WAAJID, Somalia -- The Marines haven't been anywhere nea this place in the middle of the Somali badlands.
If they come, the only relief worker left here says, they'd better be ready to stay a long time. Otherwise, the terrorism and violence that have hindered the feeding of 33,000 starving Somalis around here will resume when the "technicals" resurface.
As he supervised the unloading of wheat and diesel fuel from a German air force cargo plane here yesterday, Hugh Swift of the Irish agency World Concern recounted how increasing members the marauding gunmen have been arriving this week to escape U.S. forces in the Somali capital, Mogadishu.
One of them tried to break into his house Wednesday night, he said, the same day U.S. forces were engaged in what looked like a televised love fest with Somalis in Mogadishu.
"Someone was just shooting and shooting," he said. The attack ended just as abruptly as it began.
Mr. Swift seems astonishingly young and brave. He is only 23 years old. His ruddy cheeks have been burned a deeper red by the relentless Somalian sun.
He is the only relief worker left here permanently. The other United Nations and Western relief organizations have abandoned this town 55 miles northwest of Baidoa. A U.S. military official who monitors the situation from Kenya calls this area the "real badlands" of southern Somalia.
Workers from CARE and the French group Medecins Sans Frontieres left this week, believing correctly that the U.S. assault on Mogadishu Wednesday would heighten the danger in more distant areas such as Waajid.
Besides Mr. Swift, a volunteer for the U.N. World Food Program still works in Waajid, although he divides his time between here ++ and Baidoa, where he is now staying.
The U.N. program still arranges deliveries of food and supplies to the frontier town, often through a German air force transport wing in Mombasa, Kenya.
Lately, the road through this village, which is the route from Mogadishu to Ethiopia, has become much more heavily traveled than usual. Waajid is the last town on the main road from Baidoa to the Ethiopian border. It is the logical way station for the armed bandits seeking to hide in Somalia or to get to Ethiopia to cool their heels for a while.
But something unusual for the badlands has happened here. In a way that's reminiscent of the Old West a sort of village council has emerged to make sure the vagabond gunslingers don't stay in town.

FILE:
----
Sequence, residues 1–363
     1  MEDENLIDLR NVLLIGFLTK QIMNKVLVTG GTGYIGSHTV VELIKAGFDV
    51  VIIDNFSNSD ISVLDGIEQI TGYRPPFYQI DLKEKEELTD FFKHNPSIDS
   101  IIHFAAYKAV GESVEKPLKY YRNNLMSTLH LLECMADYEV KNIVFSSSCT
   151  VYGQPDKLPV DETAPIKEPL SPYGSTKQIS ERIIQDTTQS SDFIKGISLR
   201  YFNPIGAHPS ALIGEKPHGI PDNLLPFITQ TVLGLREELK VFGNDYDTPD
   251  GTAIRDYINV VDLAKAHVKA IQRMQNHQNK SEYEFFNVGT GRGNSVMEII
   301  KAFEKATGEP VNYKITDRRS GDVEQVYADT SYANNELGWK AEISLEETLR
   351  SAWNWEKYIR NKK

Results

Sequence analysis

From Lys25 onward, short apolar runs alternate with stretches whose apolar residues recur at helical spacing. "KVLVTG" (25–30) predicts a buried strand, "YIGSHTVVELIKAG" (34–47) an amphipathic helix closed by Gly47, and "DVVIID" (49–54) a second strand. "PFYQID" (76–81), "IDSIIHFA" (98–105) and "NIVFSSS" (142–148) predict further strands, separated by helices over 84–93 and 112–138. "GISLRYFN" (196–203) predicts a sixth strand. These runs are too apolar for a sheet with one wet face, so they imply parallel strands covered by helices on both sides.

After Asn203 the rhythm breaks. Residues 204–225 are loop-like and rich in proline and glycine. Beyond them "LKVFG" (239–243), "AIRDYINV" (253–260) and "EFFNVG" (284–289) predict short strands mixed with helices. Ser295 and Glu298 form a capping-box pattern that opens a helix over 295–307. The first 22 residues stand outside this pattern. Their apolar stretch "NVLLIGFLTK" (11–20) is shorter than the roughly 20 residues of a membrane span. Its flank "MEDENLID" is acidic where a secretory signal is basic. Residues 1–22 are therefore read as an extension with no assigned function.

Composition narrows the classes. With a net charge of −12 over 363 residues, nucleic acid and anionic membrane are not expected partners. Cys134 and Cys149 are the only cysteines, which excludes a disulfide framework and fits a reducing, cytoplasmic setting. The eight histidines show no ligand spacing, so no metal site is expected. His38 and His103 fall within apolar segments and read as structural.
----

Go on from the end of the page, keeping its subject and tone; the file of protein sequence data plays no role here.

The good citizens of Waajid, utterly dependent on relief supplies, apparently have dared to order the thugs to keep moving.
"A lot have been told to get on their bikes and vehicles and leave for Ethiopia," Mr. Swift said. "The council of the town has been looking after us. We've built a 10-year program here. If we leave, we're not coming back."
Yet, Mr. Swift predicted that enough of the armed youths who ride around in trucks, will be able to lie low until U.S. forces withdraw from Somalia.
"Well, the Americans are going by the end of January," he said, referring to the Jan. 20 Inauguration Day deadline the Bush administration had been hoping to keep.
When might Operation Restore Hope reach this remote place?
"I don't have a clue if they are coming to Waajid," Mr. Swift said. "I haven't been informed. But if they do, it probably wouldn't make any difference."
Mr. Swift said he understood that the U.S. military plan called for troops and helicopters to move inland to secure major food distribution centers such as Baidoa and, possibly, to disarm the warring Somali factions and the free-lance gunmen who owe allegiance to no one.
"If they want to do this, they need to go right up as far as the Ethiopian border," Mr. Swift said. "But then again, you know yourself, if you're in your own country and a foreign power tries to invade, it's extremely easy to go to ground, especially when you talk about someplace like Somalia."
Steering clear of U.S. troops "is the safest thing to do," he said. "If they actually start an engagement with Americans, they're going to lose. If they go to ground, the Americans will find out there'll be no one to fight. It's already happened in Mogadishu."
The young Irishman seems an unlikely boss here, surrounded by dozens of laborers he supervises in unloading the German cargo plane. He is also helped by about a dozen of his own armed guards carrying AK-47 automatic weapons.
He doesn't believe the gunmen will disarm voluntarily. "They probably say 'yeah,' then probably say 'no,' " he said, laughing loudly.
He said cheerfully that life in Waajid has become "very stable" despite the nighttime violence and the fact that "most people [technicals] here are strung out on drugs."
And he has his own dreams for the place.
With the help of townspeople, the popular and influential town council and the small militia Mr. Swift employs to ride shotgun on trucks filled with food sacks, as many as 18,000 hungry residents of Waajid usually have something to eat. Altogether, 33,000 Somalis in 44 villages are being helped in this area.
The young Irishman here in the middle of nowhere talks excitedly about organizing several dozen men for a road-building program. "I got 170 men to clean up the runway yesterday," he said. He even talks about opening the area's first orphanage.
But in his daily existence Hugh Swift walks a tightrope between unpredictable periods of violence and order. And he has no illusions.
During a heavy downpour at the barren airstrip here yesterday, some of Mr. Swift's hired guns demanded money from a visitor. But they were content to receive a bottle of water.
"I wouldn't take their picture," Mr. Swift warned.
"They'll say it's OK and ask for money, then say it isn't, then blow your head off."